WOUNDED KNEE MASSACRE marked the climax of United States efforts to subjugate Lakota-speaking Sioux Indians at the end of the nineteenth century. During 1890 a new religious movement called the Ghost Dance captured the loyalty of many western Indians. On the Sioux reservations, this movement attracted men and women who resented the government's heavy-handed tactics and were drawn to new rituals that promised an era of peace and future union with dead relatives. Unfortunately, just as tensions began to rise over the Ghost Dance, an inexperienced political appointee, Daniel Royer, took control of the agency at Pine Ridge, South Dakota. On 15 November, fearing that the ghost dancers might become violent, Royer called for military assistance. Tensions rose again on 15 December, when the Indians at Pine Ridge learned that Sitting Bull had been killed while being arrested on a nearby Standing Rock reservation. The agent there had believed arresting the old warrior would quell the Ghost Dance at his agency. Fearing similar action at the neighboring Cheyenne River reservation, the Miniconjou leader Big Foot gathered his followers and departed overland to join allies at Pine Ridge. Big Foot and his band were apprehended by elements of the Seventh Cavalry near Wounded Knee Creek on the Pine Ridge reservation on the evening of 28 December.

On the morning of 29 December, with troops deployed in a hollow square around the Indians, regimental commander Colonel George A. Forsyth ordered everyone in Big Foot's band to surrender their weapons. One warrior fired a concealed gun while being disarmed; the surrounding troops responded by opening fire. Hotchkiss guns on a nearby hillside fired indiscriminately into the Indian encampment gunning down those fleeing to safety. When the shooting stopped Big Foot, along with 145 others, including 45 women and 18 children, lay dead. The official death toll rose to 153 when seven of the fifty-one band members known to be wounded that day later died. In addition, an unknown number either were killed and carried from the scene by relatives or escaped and later died from their wounds. The army reported twenty-five soldiers dead and thirty-nine wounded; Forsyth's superiors asserted that some of the army casualties were victims of crossfire from their own comrades. His commander relieved him of his command and charged him with incompetence, but he was exonerated. Later, twenty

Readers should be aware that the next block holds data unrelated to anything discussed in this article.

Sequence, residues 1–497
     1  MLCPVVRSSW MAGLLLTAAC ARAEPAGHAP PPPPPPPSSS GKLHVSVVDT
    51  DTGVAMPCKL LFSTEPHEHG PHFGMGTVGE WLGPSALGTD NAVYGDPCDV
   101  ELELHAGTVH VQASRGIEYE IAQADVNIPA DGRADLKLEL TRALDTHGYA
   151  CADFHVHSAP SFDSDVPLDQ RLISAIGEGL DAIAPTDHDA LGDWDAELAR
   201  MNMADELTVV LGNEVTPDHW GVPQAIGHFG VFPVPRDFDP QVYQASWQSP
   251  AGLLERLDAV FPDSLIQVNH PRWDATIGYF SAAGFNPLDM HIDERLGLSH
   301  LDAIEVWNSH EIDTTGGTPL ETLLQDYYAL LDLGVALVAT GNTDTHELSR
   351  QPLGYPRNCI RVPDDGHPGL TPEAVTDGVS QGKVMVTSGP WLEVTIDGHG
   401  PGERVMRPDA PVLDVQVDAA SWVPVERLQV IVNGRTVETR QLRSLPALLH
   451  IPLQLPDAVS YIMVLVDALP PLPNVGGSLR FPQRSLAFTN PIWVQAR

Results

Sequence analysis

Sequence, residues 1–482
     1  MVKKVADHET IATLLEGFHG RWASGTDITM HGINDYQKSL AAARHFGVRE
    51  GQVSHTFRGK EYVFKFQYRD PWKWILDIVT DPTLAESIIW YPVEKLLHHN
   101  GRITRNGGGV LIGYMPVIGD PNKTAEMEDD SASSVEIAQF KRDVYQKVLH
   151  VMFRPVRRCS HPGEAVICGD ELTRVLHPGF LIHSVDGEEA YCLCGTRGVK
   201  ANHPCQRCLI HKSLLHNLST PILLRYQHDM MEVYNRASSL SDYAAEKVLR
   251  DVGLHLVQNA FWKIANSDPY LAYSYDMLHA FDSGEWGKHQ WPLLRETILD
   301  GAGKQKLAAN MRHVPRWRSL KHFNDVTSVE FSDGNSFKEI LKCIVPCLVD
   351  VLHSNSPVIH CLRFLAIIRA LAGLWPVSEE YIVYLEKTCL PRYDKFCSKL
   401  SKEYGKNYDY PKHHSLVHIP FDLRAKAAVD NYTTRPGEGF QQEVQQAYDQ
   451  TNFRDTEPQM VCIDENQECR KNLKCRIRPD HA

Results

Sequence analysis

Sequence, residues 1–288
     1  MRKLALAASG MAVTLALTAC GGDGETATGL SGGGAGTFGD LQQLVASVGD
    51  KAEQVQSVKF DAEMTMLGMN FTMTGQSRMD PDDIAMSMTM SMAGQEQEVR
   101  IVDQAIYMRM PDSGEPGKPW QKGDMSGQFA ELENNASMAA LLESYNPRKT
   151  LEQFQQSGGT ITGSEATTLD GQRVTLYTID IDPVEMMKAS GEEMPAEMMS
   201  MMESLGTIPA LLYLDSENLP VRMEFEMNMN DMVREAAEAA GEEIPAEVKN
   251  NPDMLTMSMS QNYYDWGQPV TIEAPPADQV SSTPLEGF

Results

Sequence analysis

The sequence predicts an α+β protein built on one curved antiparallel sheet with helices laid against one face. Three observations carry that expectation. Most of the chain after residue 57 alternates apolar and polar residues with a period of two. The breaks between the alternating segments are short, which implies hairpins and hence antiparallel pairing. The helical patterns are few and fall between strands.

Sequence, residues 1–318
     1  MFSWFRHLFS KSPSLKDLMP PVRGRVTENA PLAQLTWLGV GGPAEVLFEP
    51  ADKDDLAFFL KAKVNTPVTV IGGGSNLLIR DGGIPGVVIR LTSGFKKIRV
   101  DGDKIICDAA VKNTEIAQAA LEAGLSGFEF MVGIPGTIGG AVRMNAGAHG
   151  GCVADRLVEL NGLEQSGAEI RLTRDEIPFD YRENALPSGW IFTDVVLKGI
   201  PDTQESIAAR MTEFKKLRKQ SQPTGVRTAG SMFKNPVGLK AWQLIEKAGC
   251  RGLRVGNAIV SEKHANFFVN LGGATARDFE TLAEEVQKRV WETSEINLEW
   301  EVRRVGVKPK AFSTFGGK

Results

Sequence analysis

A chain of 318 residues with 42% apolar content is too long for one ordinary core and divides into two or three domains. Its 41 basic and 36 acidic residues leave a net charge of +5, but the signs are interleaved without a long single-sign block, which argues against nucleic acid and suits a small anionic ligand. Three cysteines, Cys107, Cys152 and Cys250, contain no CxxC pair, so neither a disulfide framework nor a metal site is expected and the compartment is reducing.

soldiers were awarded the Medal of Honor for their service in the massacre. Sioux leaders continue to protest these awards and to advocate the creation of a memorial park at the site.

BIBLIOGRAPHY

Utley, Robert. The Last Days of the Sioux Nation. New Haven, Conn.: Yale University Press, 1964.

Frederick E.Hoxie

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Wounded Knee

Wounded Knee, creek, rising in SW S.Dak. and flowing NW to the White River; site of the last major battle of the Indian wars. After the death of Sitting Bull, a band of Sioux, led by Big Foot, fled into the badlands, where they were captured by the 7th Cavalry on Dec. 28, 1890, and brought to the creek. On Dec. 29, the Sioux were ordered disarmed; but when a medicine man threw dust into the air, a warrior pulled a gun and wounded an officer. The U.S. troops opened fire, and within minutes almost 200 men, women, and children were shot. The soldiers later claimed that it was difficult to distinguish the Sioux women from the men. See also Ghost Dance. The site, which is on the Pine Ridge reservation, is now a national historic landmark.

The village of Wounded Knee, which borders the creek, was seized and occupied (Feb.–May, 1973) by American Indian Movement and Oglala Sioux activists protesting the treatment of Native Americans and the governance of the tribe. An armed standoff resulted between the occupiers and federal authorities, and several persons died from gunshots during the 71-day occupation. After the Native Americans surrendered, the leaders of the occupation were tried, but the case was dismissed on grounds of misconduct by the prosecution.

See H. Cox, Wounded Knee (2010).

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Wounded Knee, Massacre at

Wounded Knee, Massacre at (December 29, 1890) Last stage in the conflict between Native Americans and US forces. Fearing a rising by the Sioux, US troops arrested several leaders. Sitting Bull was killed resisting arrest. Another group was arrested a few days later and brought to Wounded Knee, South Dakota. A shot was fired and the troops opened fire. About 300 people, including women and children, were killed.